You “can’t knock the hustle.” Sorry Jay-Z, but I don’t get it. You are supposed to be one of the best rap artists this decade, and I would say that your impact is extreme. But you are supposed to take time to write your lyrics so that they have soul, so that they have meaning. Was there some sort of rush to get The Dynasty: Roc La Familia 2000 out to stores? I just don’t understand it! Did you give all of your written material away (Dr. Dre, you know who you are!)?
We’ve got Vol. 1, 2, and 3 to revel in, and there are plenty of tracks on Reasonable Doubt to enjoy. But this album was just shy of being as bad as Eminem’s initial rap performances for his friends when he was 17! Again and again, Jay-Z plays on this little girl background voiceover. Okay, we’ll accept the Broadway musical jingles he liked including in his volume series. The use of Beanie Sigel in this album is admirable, but abused: He appears on eight tracks.
Jay-Z’s lyrics on this album are thrown together; I can’t make sense of meaning or feeling. And after all, isn’t that what rap is supposed to be about?
Two tracks, “Soon You’ll Understand,” and “Where Have You Been,” are capable of drawing minimum attention, with a good beat … but, again, his lyrics and his slow delivery overshadow the work. Memphis Bleek, Ja Rule’s main man, raps along on “Parking Lot Pimpin,” and his voice gives that track a little life.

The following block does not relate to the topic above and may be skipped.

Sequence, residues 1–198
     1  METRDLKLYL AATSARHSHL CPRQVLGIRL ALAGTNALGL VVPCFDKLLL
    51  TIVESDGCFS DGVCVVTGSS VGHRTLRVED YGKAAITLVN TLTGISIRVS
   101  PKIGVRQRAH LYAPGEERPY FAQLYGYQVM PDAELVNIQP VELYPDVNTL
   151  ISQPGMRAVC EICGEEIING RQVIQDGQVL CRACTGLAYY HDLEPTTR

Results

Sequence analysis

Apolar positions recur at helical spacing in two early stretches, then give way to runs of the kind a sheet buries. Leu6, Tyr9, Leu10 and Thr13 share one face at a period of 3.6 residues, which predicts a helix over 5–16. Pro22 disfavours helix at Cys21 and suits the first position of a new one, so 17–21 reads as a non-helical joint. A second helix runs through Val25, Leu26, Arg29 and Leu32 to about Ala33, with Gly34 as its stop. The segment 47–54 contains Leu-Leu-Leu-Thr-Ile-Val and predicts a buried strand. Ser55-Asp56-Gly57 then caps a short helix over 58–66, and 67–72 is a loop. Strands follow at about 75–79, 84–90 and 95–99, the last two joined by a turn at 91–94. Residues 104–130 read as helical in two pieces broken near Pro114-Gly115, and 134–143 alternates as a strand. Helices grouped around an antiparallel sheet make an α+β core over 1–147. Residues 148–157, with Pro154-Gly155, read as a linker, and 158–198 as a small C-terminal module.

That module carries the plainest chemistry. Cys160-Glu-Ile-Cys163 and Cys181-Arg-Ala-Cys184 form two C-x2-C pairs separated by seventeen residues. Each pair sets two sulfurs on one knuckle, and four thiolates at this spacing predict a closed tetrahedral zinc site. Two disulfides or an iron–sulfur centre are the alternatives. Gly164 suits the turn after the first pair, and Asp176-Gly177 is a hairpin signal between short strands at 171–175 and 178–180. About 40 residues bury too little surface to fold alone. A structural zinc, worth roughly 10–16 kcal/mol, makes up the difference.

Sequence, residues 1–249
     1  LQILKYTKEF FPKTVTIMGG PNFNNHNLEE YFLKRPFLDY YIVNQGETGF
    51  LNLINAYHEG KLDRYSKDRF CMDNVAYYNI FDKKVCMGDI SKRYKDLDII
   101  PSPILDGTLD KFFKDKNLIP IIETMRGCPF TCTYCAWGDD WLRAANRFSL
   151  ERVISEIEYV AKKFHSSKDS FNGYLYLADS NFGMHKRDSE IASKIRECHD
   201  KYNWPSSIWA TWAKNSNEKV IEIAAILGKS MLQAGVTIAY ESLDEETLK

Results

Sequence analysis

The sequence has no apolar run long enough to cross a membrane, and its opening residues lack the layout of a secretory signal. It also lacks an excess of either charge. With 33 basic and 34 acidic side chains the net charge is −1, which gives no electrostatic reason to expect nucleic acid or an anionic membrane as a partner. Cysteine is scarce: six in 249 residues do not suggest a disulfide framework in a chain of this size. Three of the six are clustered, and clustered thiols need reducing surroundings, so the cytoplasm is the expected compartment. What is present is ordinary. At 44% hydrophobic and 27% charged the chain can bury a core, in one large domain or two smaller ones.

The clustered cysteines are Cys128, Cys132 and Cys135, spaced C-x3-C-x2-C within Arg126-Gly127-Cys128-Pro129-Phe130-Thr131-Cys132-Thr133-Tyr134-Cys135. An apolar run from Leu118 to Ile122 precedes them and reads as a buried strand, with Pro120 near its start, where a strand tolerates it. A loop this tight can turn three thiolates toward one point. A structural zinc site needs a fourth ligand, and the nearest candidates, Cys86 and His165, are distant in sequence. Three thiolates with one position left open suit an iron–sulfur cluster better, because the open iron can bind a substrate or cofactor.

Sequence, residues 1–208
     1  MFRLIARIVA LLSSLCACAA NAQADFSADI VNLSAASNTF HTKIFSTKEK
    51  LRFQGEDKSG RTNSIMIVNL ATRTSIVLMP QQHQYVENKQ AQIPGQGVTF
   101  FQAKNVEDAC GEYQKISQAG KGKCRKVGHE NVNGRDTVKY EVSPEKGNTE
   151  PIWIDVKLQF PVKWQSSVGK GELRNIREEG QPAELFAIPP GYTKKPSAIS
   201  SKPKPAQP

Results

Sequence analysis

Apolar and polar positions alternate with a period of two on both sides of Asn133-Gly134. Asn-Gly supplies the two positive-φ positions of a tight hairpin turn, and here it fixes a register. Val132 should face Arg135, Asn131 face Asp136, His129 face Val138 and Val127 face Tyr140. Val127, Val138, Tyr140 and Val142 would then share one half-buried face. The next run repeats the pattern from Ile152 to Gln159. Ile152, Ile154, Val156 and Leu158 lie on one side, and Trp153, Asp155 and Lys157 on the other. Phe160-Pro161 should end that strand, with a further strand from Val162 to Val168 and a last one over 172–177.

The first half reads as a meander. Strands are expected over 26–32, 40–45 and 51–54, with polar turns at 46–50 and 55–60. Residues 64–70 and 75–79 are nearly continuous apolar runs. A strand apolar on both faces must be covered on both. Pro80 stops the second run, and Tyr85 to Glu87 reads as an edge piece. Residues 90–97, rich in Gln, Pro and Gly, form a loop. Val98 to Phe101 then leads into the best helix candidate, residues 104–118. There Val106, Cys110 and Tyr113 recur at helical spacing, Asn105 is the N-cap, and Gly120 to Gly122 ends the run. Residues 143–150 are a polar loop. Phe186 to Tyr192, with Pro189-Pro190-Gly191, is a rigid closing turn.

But not once on this album is their any sign of the life needed to make a rap song good. This album has no flow! Jay-Z came back after Vol. 1 with an album that was his best. Tracks moved with rhythm and lyrical sense. This album lacks all of that. It’s a good thing Jay-Z didn’t continue this album as Volume 4. What a disaster that would have been to the entire series.
Shawn Carter, you came from a life of crime, you pulled yourself out of the gutter so that you could change the music scene. You don’t get off the hook with four good albums.
Jay-Z deserves credit for his lyrical talent. He brings music to the scene, that, until now, made new dents in the established structure of hip-hop.
Referring back to Broadway, a topic that Jay-Z loves to touch upon (and usually is successful in utilizing), I stir up a memory of the great words of that loveable warthog from The Lion King. Pumbaa cries out, “Hakuna Matata!” Yeah, well, Mr. Carter, I’ll remember the power and success and the overall good rap you had in your other albums. But if you don’t get rid of the new and bring back the old, you have a lot to worry about.
Archived article by Josh Plotnik